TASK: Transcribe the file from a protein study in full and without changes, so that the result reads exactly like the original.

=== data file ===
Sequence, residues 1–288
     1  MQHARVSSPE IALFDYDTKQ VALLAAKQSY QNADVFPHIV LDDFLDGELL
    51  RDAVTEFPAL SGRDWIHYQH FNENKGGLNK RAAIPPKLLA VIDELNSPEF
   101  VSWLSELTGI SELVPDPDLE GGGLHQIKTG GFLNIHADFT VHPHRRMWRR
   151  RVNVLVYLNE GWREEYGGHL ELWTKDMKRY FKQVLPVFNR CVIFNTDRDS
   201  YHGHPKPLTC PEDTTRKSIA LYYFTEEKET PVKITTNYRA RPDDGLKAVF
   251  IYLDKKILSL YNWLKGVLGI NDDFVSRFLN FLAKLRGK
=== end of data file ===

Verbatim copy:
Sequence, residues 1–288
     1  MQHARVSSPE IALFDYDTKQ VALLAAKQSY QNADVFPHIV LDDFLDGELL
    51  RDAVTEFPAL SGRDWIHYQH FNENKGGLNK RAAIPPKLLA VIDELNSPEF
   101  VSWLSELTGI SELVPDPDLE GGGLHQIKTG GFLNIHADFT VHPHRRMWRR
   151  RVNVLVYLNE GWREEYGGHL ELWTKDMKRY FKQVLPVFNR CVIFNTDRDS
   201  YHGHPKPLTC PEDTTRKSIA LYYFTEEKET PVKITTNYRA RPDDGLKAVF
   251  IYLDKKILSL YNWLKGVLGI NDDFVSRFLN FLAKLRGK